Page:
14. Bribery and corruption cease with LVT. Before, this was due to the leaking of news of municipal plans for housing development.

  • Roy Langston

    Evan Price, your claim that there are no good or bad taxes, merely
    taxes, is a bald falsehood. It has been known for over 200 years that
    unlike taxes on income, sales, value added, etc., a tax on a factor in fixed supply, like land,
    does not and cannot impair production. Indeed, land value taxation has
    reliably produced economic miracles everywhere it has ever been tried,
    to the exact extent that it has been tried. Why do its opponents
    always refuse to know such facts? The answer is all too obvious: they
    are landowners who are being given immense wealth in return for nothing,
    and they intend to go on getting it, the nation be damned.

    Your refusal to admit that some taxes are stupid and others are very good cannot alter the fact that some taxes are stupid and others are very
    good. If you cared about effective taxation (you don’t), you would be
    an enthusiastic supporter of land value taxation. Like all other
    “criticisms” of land value taxation that have ever been advanced, or
    ever will be advanced, yours are fallacious, absurd, and dishonest.

  • Roy Langston

    LVT is automatically affordable, because it is no more than someone is WILLING to pay to use the site: just let them use it. Problem solved. It is also false to claim that LVT bills could “continue to rise without any corresponding rise in their ability to pay them.” LVT cannot exceed the land rent. Land rent is the economic advantage obtainable by using the land. If LVT increases, it is because the economic advantage to the land user has increased, and thus their ability to pay the increased rent — IF they are using the land productively, and not just sitting on it, hoarding it expectation of trousering millions for doing nothing.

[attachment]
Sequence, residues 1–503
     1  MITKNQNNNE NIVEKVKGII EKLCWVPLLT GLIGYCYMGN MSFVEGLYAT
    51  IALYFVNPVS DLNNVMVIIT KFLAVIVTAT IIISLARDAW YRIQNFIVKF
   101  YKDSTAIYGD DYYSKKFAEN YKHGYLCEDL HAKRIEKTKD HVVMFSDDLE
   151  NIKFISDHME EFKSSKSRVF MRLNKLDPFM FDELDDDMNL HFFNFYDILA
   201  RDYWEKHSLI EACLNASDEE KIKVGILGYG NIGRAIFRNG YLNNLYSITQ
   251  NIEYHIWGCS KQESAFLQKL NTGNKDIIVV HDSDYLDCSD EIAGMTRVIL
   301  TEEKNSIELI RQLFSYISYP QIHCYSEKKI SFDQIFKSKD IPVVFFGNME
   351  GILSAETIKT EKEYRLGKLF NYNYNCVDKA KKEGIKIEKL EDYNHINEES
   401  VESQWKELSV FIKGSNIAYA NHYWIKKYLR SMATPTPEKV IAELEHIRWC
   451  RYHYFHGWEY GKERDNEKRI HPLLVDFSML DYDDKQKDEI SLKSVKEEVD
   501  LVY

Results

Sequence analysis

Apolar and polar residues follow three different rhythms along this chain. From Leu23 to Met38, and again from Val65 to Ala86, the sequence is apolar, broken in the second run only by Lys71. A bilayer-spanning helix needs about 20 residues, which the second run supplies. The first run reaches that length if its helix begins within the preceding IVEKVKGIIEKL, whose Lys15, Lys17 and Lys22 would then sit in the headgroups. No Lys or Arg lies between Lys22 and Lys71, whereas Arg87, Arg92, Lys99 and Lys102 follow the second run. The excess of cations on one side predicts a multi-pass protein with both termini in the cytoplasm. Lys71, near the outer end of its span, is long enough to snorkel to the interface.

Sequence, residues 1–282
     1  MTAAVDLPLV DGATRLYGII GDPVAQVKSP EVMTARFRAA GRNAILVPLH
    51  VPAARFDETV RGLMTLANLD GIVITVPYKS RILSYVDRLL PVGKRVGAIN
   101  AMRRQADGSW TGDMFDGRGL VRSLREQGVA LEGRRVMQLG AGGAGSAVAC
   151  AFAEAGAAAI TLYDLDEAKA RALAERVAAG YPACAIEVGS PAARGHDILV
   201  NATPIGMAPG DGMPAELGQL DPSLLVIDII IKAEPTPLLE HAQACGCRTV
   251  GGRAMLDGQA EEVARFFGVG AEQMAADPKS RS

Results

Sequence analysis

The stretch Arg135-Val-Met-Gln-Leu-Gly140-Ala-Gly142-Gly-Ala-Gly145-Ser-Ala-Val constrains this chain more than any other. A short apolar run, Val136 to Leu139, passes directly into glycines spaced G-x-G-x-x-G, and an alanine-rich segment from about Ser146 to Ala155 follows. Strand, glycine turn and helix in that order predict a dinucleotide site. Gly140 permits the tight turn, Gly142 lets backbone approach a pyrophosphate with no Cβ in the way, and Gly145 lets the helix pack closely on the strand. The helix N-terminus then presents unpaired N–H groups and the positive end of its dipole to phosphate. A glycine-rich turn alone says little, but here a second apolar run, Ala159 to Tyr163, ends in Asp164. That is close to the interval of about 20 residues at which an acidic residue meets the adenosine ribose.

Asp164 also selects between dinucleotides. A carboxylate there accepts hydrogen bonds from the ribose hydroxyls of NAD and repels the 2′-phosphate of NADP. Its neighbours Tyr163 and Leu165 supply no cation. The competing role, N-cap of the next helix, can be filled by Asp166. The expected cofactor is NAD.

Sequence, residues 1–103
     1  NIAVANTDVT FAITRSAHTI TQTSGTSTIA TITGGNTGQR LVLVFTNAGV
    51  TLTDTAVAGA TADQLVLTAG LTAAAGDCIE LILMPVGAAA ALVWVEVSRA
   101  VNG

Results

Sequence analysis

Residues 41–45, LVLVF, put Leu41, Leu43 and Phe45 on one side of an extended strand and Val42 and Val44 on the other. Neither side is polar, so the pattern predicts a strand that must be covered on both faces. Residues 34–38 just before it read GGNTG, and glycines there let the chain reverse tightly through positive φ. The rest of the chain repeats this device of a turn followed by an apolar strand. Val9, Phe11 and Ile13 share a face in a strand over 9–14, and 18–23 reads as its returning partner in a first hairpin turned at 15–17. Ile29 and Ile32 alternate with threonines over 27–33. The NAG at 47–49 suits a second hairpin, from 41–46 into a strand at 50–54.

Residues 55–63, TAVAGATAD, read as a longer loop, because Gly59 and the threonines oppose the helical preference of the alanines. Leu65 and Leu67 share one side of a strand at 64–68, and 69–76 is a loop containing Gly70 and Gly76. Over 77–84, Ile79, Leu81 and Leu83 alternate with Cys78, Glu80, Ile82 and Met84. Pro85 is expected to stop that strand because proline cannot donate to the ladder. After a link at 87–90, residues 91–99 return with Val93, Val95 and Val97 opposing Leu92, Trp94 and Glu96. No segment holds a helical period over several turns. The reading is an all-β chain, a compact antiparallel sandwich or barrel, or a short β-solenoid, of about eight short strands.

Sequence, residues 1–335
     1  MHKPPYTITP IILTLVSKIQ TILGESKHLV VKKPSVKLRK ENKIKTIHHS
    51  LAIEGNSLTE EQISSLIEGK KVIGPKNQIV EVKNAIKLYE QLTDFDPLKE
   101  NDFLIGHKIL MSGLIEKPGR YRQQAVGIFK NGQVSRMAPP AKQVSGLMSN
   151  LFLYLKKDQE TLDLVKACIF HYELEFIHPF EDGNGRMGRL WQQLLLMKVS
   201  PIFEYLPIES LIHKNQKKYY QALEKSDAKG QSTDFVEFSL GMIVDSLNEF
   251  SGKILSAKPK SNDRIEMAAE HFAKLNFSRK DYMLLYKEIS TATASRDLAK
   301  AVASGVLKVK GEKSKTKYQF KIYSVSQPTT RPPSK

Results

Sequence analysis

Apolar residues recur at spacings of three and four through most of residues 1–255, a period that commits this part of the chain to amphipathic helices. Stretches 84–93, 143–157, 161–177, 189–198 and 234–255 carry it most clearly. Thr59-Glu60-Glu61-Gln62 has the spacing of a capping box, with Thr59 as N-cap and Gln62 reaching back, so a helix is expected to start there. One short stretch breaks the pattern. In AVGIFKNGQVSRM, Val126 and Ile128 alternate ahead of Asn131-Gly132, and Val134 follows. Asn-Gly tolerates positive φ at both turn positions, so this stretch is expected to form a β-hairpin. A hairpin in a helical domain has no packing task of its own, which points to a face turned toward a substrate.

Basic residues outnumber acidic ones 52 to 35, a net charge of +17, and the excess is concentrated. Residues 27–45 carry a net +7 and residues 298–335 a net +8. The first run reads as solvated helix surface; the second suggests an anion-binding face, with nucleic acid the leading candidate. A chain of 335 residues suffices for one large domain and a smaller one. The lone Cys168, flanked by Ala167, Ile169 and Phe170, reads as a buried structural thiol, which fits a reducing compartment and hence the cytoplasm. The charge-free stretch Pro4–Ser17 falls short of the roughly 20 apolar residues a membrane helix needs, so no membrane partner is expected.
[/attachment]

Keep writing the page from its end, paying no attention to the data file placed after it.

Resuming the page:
• Roy Langston

    Your claims are false and dishonest. LVT is a REPLACEMENT for the revenue from stupid, unfair, and destructive taxes. The London Assembly has the power to reduce said taxes. It should do so forthwith, and replace them with LVT.

  • Roy Langston

    Your claims are false. Food prices cannot soar, or even rise, as a result of LVT. That is a fact of economics that has been known for 200 years. Google, “Law of Rent” and start reading. Homelessness would be reduced to zero by LVT — though some people would not be able to afford to continue depriving the community of prime sites they are currently under-utilizing to the detriment of the city and the nation.

  • Roy Langston

    It is false, absurd, and dishonest to claim that LVT would concentrate land ownership with a few. The current enormous concentration of UK land ownership with a few in the ABSENCE of LVT is proof enough of that.

    “Loss-making land”? What would that be? Land’s average appreciation is currently far greater than its holding cost, even if you don’t collect the rent.

  • Roy Langston

    Your claims continue to be false, absurd, and dishonest. Poor people don’t own land, and LVT cannot be shifted onto them. Economists do not agree on much, but they do agree on that. It is absurd to claim that people would have to live in very high density housing or slums. LVT is simply the same payment a private landowner would charge for the land. He just doesn’t get to trouser it. And that is your whole objection to LVT, in its bare essentials.

  • Roy Langston

    Nonsense. There is nothing magical about paying for what you take, and the non-linearity of the economic relationships DOES make it possible for landlords to benefit at modest LVT levels. For example, a 50% increase in location subsidy repayments may stimulate a 100% increase in economic growth. The rent the landlord can charge thus increases even more than the tax he has to pay.

    But at higher levels, no one claims location subsidy repayment will be good for landlords because there is a limit to how much faster the economy can grow. If the economy is growing at 1%/yr, doubling the LSR might make it grow at 3%; but if it is already growing at 10%, doubling the LSR isn’t going to make it grow at 20%, let alone 30%.